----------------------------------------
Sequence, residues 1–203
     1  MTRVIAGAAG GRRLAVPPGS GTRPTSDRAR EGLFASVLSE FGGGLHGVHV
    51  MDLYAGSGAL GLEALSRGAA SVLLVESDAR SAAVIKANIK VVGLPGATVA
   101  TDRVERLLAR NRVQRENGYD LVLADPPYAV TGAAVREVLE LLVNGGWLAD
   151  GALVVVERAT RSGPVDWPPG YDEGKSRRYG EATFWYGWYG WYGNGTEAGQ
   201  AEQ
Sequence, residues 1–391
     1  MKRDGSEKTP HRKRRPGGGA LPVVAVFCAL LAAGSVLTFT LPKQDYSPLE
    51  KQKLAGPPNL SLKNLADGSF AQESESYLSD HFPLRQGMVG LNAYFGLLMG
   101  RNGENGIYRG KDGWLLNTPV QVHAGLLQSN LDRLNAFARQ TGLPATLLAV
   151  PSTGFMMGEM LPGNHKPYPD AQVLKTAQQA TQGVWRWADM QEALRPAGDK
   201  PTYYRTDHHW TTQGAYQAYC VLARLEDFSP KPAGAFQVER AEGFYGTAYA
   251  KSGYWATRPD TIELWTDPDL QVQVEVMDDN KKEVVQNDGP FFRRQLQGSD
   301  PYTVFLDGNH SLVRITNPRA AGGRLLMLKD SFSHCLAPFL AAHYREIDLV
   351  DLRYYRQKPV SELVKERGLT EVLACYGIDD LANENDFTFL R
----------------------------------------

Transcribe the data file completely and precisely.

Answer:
Sequence, residues 1–203
     1  MTRVIAGAAG GRRLAVPPGS GTRPTSDRAR EGLFASVLSE FGGGLHGVHV
    51  MDLYAGSGAL GLEALSRGAA SVLLVESDAR SAAVIKANIK VVGLPGATVA
   101  TDRVERLLAR NRVQRENGYD LVLADPPYAV TGAAVREVLE LLVNGGWLAD
   151  GALVVVERAT RSGPVDWPPG YDEGKSRRYG EATFWYGWYG WYGNGTEAGQ
   201  AEQ
Sequence, residues 1–391
     1  MKRDGSEKTP HRKRRPGGGA LPVVAVFCAL LAAGSVLTFT LPKQDYSPLE
    51  KQKLAGPPNL SLKNLADGSF AQESESYLSD HFPLRQGMVG LNAYFGLLMG
   101  RNGENGIYRG KDGWLLNTPV QVHAGLLQSN LDRLNAFARQ TGLPATLLAV
   151  PSTGFMMGEM LPGNHKPYPD AQVLKTAQQA TQGVWRWADM QEALRPAGDK
   201  PTYYRTDHHW TTQGAYQAYC VLARLEDFSP KPAGAFQVER AEGFYGTAYA
   251  KSGYWATRPD TIELWTDPDL QVQVEVMDDN KKEVVQNDGP FFRRQLQGSD
   301  PYTVFLDGNH SLVRITNPRA AGGRLLMLKD SFSHCLAPFL AAHYREIDLV
   351  DLRYYRQKPV SELVKERGLT EVLACYGIDD LANENDFTFL R